Players Lose at Super Bowl

Players Lose at Super Bowl

Prior to this year’s Super Bowl, Colin Kaepernick played quarterback the last time the San Francisco 49ers appeared in pro football’s biggest game in 2013.

Since then, Kaepernick has been honored by human-rights organizations around the world while being blackballed by right-wing owners of National Football League teams. That’s because he chose to take a knee during the national anthem to highlight issues of injustice.

Americans have become so indoctrinated by ritual that few even bother to ask, “What does the national anthem have to do with football? They don’t play it at the theater. Why play it at football games?”

It would have been great to see every socially conscious player in this year’s Super Bowl make a statement against police brutality and racial injustice. Had such a statement occurred, it would likely have been done only by the black players. That is because, during Kaepernick’s 2016 season of defiance, white players proved unsupportive of the black players who took a knee.

What every player should have done was take a knee—after scoring a touchdown. Like-minded teammates should have done it alongside the scorer to make a more powerful statement.

Alas, it did not happen during the Kansas City Chiefs’ 31-20 victory.

During the embryonic years of football (a sport first played in America in the 19th century), a player who scored would drop to his knee and touch the ball down in the end zone—hence the term touchdown.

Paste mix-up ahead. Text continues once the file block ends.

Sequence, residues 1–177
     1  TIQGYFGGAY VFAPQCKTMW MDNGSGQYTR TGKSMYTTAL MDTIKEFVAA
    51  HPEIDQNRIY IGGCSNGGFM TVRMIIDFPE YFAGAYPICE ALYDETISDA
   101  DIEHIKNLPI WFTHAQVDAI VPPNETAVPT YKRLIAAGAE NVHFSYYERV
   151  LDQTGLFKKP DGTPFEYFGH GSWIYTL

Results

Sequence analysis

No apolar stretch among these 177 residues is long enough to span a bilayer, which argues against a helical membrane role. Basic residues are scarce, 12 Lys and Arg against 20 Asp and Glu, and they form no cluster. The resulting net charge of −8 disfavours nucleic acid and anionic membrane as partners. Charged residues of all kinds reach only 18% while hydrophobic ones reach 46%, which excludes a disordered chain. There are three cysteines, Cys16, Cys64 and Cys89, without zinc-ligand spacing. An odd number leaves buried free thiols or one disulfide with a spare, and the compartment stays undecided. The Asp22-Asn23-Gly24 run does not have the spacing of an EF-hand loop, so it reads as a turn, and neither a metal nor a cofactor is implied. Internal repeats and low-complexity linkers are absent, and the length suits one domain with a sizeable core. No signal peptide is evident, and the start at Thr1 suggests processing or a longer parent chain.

The time is long overdue for the NFL Players Association to give its members that history lesson. The NFLPA should encourage players to take a knee in the end zone rather than settle for being paid off by the NFL’s public relations partners who are more concerned with making sure that reactionary football fans feel comfortable.

More than 70 percent of today’s NFL players are Black. Kaepernick, the son of a black father and white mother, identifies as black. The NFL has banished him because many whites—egged on by Donald Trump—ignored the social-justice issues he raised and focused instead on the misperception that he disrespected the flag and the anthem. Those American symbols meant more to Kaepernick’s critics than the societal ills that provoke his righteous anger.

Did you know that prior to 2009, NFL players stayed in the locker room during the national anthem? That changed when the NFL accepted $5.4 million from the Department of Defense to turn the playing of the anthem into a “patriotic” ritual—and turn football players into props. Black players have the constitutional right to do whatever they want during the anthem. America is their country, too. The rights expressed in the U.S. Constitution should be exercised all the time—not just when a majority finds it convenient. Constitutional rights such as freedom of speech and freedom of assembly must be taken literally—on the playing field and off.